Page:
The increasingly blurry lines between what is real and what is an artificial construct - both physically and philosophically - are the point of focus in the science fiction drama The Thirteenth Floor. In 1937, a man named Fuller (Armin… More The increasingly blurry lines between what is real and what is an artificial construct - both physically and philosophically - are the point of focus in the science fiction drama The Thirteenth Floor. In 1937, a man named Fuller (Armin Mueller-Stahl) gives a note to Ashton (Vincent D'Onofrio), the bartender at a swank hotel, that's addressed to Douglas Hall (Craig Bierko). Fuller tells Ashton it's crucial that no one else sees the note, and that the information enclosed is of great importance. Moments later, Fuller transports himself to 1998. He's soon found murdered, and a shirt stained with Fuller's blood is found in Hall's apartment. Fuller and Hall both work for Intergraph Computer Systems, a cutting edge artificial intelligence firm, and the "past" Fuller was visiting was actually a stunningly realistic recreation of Los Angeles 50 years ago, complete with people you can meet and places you can visit, that exists only in a microchip. The message he left with Ashton, however, is real. Some people, including LAPD detective Larry McBain (Dennis Haysbert) believe Hall murdered Fuller to assume his position of leadership at Intergraph. Jane (Gretchen Mol), Fuller's daughter, soon arrives on the scene, and Hall finds himself infatuated; Hall is determined to clear his name, so with the help of Whitney (also played by (Vincent D'Onofrio), he into the virtual 1937 in hopes of discovering just what happened. The Thirteenth Floor makes copious use of digital effects technology to allow its characters to travel between 1937 and 1998 - ironically using computer technology to create a world that exists inside a computer.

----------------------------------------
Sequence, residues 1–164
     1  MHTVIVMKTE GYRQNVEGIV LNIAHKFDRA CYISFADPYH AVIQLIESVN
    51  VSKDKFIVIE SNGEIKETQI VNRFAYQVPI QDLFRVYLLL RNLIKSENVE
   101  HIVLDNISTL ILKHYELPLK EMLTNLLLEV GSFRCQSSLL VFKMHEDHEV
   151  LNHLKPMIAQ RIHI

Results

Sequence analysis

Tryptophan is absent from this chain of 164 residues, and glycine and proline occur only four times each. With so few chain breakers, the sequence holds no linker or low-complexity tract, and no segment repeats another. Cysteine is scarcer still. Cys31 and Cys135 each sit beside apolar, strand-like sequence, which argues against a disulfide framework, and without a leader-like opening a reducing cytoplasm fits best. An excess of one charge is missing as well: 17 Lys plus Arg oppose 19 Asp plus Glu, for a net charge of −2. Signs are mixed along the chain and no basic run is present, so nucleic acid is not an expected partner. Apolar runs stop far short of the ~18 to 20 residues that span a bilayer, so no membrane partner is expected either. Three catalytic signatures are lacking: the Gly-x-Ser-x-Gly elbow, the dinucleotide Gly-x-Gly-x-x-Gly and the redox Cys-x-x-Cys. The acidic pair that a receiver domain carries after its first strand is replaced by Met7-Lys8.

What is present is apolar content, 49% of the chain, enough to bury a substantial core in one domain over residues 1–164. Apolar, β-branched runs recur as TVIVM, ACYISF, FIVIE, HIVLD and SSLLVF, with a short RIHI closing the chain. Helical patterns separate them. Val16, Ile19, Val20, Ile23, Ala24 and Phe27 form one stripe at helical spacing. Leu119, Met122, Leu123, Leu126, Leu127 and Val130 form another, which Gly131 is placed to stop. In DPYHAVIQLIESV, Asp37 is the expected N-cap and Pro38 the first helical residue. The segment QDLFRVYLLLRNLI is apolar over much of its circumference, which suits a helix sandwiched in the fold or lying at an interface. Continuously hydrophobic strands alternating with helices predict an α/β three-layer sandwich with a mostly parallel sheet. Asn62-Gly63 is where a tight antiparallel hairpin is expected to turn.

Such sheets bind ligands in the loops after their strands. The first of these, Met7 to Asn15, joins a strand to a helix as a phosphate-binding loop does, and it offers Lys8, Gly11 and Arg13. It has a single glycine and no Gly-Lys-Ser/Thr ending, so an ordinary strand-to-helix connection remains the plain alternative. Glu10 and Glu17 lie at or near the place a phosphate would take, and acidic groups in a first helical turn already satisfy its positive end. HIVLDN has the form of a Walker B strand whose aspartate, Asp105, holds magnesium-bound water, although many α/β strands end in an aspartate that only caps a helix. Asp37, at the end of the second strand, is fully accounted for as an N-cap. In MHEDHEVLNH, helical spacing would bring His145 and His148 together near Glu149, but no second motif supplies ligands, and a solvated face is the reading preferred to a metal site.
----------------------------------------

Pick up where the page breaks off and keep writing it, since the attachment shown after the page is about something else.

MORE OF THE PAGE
Consensus: Bad script and confusing plot undermine the movie's impressive visuals.